A group of friends is just people. A group of friends standing at the White House gates or in the middle of Disneyland is still just people.

    A group of friends that included a bishop and a priest, and the bishop and the priest standing at the altar in church doing Mass… that would be different.

  4. Suburbanbanshee says:

    Having up pictures in a church building, where the person is portrayed as a saint/martyr and not as Bob the Donor, is also an example of public cult. The English Martyrs under Henry VIII and Elizabeth I got an exception to “de non cultu”, because the Pope at the time said it was cool to put them in a fresco of English martyrs at the English seminary in Rome.

    But usually it’s okay to put up saint pictures in church of blesseds and saints, but not of venerables and servants of God. (Which means no Servant of God Dorothy Day, unless she’s portrayed as Just Another Laywoman. Martin Luther King is supposed to be Right Out. I guess you could always relabel him as St. Martin de Porres, if you are stuck with a Weird Sixties Church.)

  5. un-ionized says:

    Unwilling, the proof of miracles performed after death is one really big way of knowing someone is in heaven and can intercede for us.

  6. Joe in Canada says:

    If I obtain a plenary indulgence for the person in question, would he or she not become a saint?

  7. TonyO says:

    Joe, if the Venerable had not, yet, got to heaven, and your plenary indulgence were fully satisfactory (fully met the conditions), then yes, they would become a saint. I.E. in Heaven. But that does not mean they would become a canonized saint. For one thing, the Church does not go around declaring when a Catholic has truly met the requirements for a plenary indulgence.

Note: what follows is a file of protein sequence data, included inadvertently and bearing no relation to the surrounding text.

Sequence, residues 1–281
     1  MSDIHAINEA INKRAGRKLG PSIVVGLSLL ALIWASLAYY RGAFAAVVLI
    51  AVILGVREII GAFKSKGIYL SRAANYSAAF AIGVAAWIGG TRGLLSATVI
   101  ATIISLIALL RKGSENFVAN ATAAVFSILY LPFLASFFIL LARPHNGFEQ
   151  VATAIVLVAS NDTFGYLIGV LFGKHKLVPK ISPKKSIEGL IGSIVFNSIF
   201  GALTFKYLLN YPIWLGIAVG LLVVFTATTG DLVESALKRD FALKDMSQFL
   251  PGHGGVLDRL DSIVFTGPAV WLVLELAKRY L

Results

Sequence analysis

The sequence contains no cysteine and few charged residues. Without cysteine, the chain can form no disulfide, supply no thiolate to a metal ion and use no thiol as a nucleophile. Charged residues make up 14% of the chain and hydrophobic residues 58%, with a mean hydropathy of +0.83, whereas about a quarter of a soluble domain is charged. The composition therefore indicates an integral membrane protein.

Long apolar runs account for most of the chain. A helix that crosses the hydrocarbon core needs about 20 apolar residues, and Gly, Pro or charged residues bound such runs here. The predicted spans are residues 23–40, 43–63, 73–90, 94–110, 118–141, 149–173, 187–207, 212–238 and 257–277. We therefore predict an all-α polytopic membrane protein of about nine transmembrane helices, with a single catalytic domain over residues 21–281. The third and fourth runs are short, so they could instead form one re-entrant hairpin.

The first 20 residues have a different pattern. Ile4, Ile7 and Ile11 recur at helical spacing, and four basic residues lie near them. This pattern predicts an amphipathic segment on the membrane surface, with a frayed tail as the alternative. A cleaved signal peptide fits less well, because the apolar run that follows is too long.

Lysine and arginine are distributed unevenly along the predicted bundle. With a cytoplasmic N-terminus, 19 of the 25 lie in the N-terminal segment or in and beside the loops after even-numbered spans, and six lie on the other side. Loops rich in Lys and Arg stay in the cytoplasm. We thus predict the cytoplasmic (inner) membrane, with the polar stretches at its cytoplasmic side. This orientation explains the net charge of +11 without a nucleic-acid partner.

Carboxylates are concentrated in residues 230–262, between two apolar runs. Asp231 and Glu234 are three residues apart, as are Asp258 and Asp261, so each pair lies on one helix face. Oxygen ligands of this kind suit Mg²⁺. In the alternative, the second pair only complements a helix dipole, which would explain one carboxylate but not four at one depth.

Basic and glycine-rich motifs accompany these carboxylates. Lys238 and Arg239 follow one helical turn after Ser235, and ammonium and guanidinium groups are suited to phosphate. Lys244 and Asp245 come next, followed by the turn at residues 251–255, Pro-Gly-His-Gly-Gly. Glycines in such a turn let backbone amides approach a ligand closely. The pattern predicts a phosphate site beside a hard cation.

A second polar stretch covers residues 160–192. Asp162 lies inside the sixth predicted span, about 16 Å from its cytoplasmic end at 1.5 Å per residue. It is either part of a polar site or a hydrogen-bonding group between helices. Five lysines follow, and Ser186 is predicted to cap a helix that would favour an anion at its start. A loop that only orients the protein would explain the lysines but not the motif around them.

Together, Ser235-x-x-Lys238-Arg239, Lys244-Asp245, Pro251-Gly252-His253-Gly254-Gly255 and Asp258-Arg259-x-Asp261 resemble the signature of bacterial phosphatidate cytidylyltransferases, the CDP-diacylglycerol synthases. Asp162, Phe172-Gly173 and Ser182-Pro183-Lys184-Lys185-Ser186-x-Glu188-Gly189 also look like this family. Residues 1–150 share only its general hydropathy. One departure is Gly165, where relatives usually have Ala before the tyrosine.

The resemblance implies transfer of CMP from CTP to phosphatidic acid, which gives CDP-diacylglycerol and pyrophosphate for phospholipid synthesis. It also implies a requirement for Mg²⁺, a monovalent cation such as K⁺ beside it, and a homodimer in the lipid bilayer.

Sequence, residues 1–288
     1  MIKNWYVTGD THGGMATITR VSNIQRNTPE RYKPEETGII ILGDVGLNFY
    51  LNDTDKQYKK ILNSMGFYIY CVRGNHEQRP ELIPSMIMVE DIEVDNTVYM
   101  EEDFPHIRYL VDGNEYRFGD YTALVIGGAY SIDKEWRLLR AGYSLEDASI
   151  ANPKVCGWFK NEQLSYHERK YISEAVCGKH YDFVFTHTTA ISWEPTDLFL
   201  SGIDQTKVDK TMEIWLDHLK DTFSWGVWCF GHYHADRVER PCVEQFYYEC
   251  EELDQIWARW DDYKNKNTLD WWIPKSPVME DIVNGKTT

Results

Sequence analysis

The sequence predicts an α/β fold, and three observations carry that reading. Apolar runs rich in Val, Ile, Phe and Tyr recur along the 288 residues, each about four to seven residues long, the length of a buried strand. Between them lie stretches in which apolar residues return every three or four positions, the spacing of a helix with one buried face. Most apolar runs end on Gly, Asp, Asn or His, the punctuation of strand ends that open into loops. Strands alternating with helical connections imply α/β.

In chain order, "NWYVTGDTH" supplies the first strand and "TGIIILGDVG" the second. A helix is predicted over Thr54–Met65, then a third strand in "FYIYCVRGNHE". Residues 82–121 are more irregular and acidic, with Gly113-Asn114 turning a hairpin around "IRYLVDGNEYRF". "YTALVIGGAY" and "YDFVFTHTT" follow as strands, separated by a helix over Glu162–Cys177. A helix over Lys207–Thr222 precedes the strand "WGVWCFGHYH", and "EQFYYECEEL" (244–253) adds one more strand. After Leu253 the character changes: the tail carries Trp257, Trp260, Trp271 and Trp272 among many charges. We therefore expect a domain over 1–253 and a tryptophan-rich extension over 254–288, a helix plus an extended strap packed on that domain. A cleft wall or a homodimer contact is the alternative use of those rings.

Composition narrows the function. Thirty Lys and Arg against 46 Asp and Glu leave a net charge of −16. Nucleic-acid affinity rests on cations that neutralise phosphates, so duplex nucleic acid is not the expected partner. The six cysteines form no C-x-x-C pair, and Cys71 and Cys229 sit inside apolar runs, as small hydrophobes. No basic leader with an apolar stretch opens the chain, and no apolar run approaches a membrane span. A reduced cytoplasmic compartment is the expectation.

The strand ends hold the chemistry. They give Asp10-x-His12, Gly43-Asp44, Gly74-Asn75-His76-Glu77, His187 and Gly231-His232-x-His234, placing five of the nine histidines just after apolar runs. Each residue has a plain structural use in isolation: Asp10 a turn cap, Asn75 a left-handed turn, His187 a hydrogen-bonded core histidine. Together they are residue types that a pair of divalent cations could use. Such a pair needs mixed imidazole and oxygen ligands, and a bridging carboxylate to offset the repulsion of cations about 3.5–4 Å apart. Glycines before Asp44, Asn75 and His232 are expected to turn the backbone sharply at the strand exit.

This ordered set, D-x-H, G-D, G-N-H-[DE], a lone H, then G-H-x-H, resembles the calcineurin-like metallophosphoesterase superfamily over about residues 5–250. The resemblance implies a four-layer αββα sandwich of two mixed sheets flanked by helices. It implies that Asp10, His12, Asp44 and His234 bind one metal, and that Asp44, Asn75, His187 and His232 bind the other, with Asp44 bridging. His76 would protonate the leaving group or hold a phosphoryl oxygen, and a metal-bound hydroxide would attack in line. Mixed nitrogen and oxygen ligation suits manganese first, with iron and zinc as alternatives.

I have a slightly different question: Should we pray for canonized saints? I know, that seems silly – they are ALREADY in heaven. However, some time back, I read a book by St. Alphonsus Liguori. In the preface, (his own preface), he asks the reader to say a prayer for him. Now, for a writer that’s a brilliant thing to do, because if you get a lot of readers you get a lot of prayers said for you. But it got me to thinking: God is outside of time, and God can apply the merits of an act that comes later to some other person earlier: that’s EXACTLY what God did for all the Patriarchs and Prophets who were saved – God gave them sanctifying grace in virtue of the later salvific cross and death of Jesus. So, who is to say whether St. Alphonsus Liguori was a saint in his day precisely because all those readers, down the centuries, have been saying a prayer for him? If so, who am I to ignore the saint’s own request? Surely, if Mother Teresa or John Paul II, when they were alive, had asked me to pray for them, I would do so. So should I not grant St. Alphonsus the same treatment? So I said a prayer for him.

    I would suppose that the prayer could be generalized so: “Lord, if X is in need of prayers, let this be for him. If X is already a saint without my prayers, then let this prayer be in thanksgiving and honor to You for making him to merit heaven.”